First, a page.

1 CREATE Way • #10-01 • Singapore 138602 • Tel: 65-6516 8603
77 Massachusetts Ave. • Room 8-407 • Cambridge, MA 02139 • (617) 258-5808
Infectious Diseases (ID)
The major goals of this IRG are to advance basic understanding of pathogen-host interactions at the cellular and molecular levels; develop technology platforms that will be useful for studying infectious diseases; use this basic knowledge to develop diagnostics, prophylactics, and therapeutics for specific infectious diseases (such as dengue); and train a new generation of leaders for academia and the pharmaceutical and biotechnology industries. The infectious diseases IRG is in its second five-year term. The second term began on January 1, 2013.
Center for Environmental Sensing and Modeling (CENSAM)
The ultimate goal of this IRG is to develop an accurate and predictive model of the natural and built environment of Singapore that would seamlessly transition between different scales, from the level of a single building or facility to the level of the state, including the surrounding ocean. This model will integrate a variety of data sources (many from novel sensors) and allow users to understand how changes at any scale impact the overall system. For example, how a rise in sea level would impact meso-scale facilities, like Marina Bay, and small-scale facilities, like waste outflows. Conversely, buildings contribute to a heat-island effect that reflects itself in the atmospheric state; or contaminant discharges reflect themselves in meso-scale water bodies and ultimately in the ocean. The CENSAM IRG is in its second five-year term. The second term began on January 1, 2013.
BioSystems and Micromechanics (BioSyM)
By merging diverse engineering and bioscience areas, such as microfluidics, nanomechanics, imaging, computational modeling, materials science and biology, the IRG aims to develop disruptive technologies, and with them become better able to diagnose, treat, and mitigate diseases, while simultaneously educating the next generation of biological engineers. The IRG’s vision is that it, and Singapore, will become the focal point for translating cutting-edge science into novel technology for human healthcare. The IRG is in its second five-year term. The second term began January 1, 2014.
Future Urban Mobility (FM)
The objective of the Future Urban Mobility IRG is to harness new technologies for data collection, processing, and exploitation, to provide more efficient, accessible, safe, and environmentally friendly mobility to the citizens and businesses of Singapore, and of other metropolitan areas worldwide. The research team exploits synergies from expertise in several different domains, including transportation engineering and urban planning as well as in network, computer, and control technologies, robotics, and operations research. Specific focus areas include: (i) advances in large-scale real-time data collection, processing, and visualization; (ii) massively parallel simulations for traffic modeling and urban planning; (iii) affordable self-driving vehicles for shared mobility on demand services; and (iv) data-driven optimization for fleet operations. The FM IRG is in its last year of its first five-year term, and has submitted a proposal for renewal for January 1, 2016.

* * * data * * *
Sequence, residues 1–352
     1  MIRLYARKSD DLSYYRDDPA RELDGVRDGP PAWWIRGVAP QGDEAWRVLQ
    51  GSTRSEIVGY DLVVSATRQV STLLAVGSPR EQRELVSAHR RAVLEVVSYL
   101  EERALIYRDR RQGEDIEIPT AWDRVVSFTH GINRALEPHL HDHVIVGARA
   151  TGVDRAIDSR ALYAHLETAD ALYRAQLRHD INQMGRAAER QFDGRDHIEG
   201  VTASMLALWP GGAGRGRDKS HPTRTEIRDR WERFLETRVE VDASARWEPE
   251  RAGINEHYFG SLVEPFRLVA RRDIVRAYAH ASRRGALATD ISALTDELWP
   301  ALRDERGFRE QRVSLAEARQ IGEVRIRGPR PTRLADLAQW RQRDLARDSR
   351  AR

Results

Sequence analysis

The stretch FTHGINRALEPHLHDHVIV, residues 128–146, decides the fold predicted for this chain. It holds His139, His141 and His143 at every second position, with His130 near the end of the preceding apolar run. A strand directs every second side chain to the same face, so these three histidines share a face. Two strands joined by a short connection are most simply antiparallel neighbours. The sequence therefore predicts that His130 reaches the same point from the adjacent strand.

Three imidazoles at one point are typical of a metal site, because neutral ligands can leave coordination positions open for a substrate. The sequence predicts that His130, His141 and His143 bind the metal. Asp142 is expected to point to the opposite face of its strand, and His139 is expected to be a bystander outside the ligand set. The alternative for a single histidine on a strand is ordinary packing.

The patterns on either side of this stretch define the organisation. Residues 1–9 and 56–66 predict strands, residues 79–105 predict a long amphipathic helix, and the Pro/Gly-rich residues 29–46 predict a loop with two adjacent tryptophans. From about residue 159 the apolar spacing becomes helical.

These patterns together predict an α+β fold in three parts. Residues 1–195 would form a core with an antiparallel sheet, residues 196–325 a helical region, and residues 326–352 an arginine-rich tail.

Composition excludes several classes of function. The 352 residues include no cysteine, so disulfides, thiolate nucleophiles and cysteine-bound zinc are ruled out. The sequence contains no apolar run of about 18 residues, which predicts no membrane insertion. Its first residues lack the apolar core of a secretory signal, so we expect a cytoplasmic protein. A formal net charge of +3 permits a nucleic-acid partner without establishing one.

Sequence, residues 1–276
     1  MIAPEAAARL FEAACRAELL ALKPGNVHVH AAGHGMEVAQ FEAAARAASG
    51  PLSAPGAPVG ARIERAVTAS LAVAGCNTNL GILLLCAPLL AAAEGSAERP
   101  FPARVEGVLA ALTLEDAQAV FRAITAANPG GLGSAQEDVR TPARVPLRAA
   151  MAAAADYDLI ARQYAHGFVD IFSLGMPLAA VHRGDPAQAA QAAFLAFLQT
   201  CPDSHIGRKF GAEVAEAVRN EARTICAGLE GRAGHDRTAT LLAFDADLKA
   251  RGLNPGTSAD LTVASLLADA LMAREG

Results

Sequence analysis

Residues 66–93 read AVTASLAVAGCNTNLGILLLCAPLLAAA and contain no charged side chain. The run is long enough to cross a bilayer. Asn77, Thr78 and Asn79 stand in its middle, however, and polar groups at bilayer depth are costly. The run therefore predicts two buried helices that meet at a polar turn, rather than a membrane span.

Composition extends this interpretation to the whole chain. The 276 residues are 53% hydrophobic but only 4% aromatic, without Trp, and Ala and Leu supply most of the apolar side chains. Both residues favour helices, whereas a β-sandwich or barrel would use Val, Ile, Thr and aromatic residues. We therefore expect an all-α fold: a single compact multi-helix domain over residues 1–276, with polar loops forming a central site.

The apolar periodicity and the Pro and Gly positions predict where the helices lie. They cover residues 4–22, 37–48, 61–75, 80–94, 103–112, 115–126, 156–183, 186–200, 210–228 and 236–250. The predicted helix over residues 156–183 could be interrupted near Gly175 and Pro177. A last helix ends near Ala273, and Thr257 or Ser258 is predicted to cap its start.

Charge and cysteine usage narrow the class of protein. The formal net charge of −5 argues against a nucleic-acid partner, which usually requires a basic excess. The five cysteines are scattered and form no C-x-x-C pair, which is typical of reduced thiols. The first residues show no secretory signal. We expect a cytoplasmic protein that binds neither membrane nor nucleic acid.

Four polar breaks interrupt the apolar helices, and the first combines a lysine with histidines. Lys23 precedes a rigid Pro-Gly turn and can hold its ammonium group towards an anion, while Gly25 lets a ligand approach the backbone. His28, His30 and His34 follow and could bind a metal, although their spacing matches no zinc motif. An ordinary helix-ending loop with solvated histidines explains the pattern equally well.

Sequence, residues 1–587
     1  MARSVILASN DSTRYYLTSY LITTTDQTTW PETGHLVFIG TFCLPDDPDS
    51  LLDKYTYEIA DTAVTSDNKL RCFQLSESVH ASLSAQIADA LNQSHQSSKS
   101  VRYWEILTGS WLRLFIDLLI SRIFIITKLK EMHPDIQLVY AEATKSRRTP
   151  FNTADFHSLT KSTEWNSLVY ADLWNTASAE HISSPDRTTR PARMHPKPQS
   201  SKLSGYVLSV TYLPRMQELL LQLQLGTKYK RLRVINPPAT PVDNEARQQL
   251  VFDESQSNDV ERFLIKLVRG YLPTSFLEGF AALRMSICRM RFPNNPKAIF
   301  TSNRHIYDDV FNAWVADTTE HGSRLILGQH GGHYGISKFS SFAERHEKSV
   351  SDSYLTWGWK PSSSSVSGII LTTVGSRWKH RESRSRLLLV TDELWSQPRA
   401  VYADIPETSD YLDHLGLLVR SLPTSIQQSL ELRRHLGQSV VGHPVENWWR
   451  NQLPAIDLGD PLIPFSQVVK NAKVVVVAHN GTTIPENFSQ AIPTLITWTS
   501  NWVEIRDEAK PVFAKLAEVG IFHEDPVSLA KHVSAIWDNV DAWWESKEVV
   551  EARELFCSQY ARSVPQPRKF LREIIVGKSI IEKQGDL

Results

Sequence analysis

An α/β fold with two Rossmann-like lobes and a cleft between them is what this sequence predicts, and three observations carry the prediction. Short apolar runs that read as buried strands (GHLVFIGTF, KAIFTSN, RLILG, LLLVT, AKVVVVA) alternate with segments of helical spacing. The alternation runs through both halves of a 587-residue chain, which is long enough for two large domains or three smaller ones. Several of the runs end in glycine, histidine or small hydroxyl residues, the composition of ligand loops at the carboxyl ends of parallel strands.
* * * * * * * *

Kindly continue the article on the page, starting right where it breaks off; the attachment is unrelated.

Low Energy Electronic Systems (LEES)
The IRG aims to identify new integrated circuit technologies that have the added value of reduced energy per function, lower power consumption and higher performance in our electronics infrastructure. These integrated circuits of the future are expected to impact applications in wireless communication, power electronics, LED lighting, printing, displays, and computing. The research is performed by teams that have expertise in materials, devices, and circuits, invoking new advances at all levels to produce electronic systems that perform new functions while decreasing system energy. The initial technology goals are in the areas of Power Electronic Systems, Efficient Communications, and Multi-functional Displays and Lighting Systems. The first phase of the LEES IRG is scheduled to run until December 31, 2016.
In addition to the IRGs that carry out research, SMART has also established an Innovation Centre modeled after MIT’s Deshpande Center for Technological Innovation but adapted to the culture and practices of Singapore. Its mission is to instill a culture of translational research, entrepreneurship, and technology transfer.
The SMART Innovation Centre provides funding for faculty, as well as to students, to further develop their ideas with an eye toward the marketplace. A condition for receiving this funding is that the researchers must agree to team-up with “catalysts”—entrepreneurs and/or venture capitalists with experience starting companies. The Innovation Centre has identified and trained a strong group of catalysts in Singapore. Three types of awards are given: Ignition Grants (for very early proof-of-principle development), Innovation Grants (for further proof-of-concept development), and Explorer Grants (for student teams).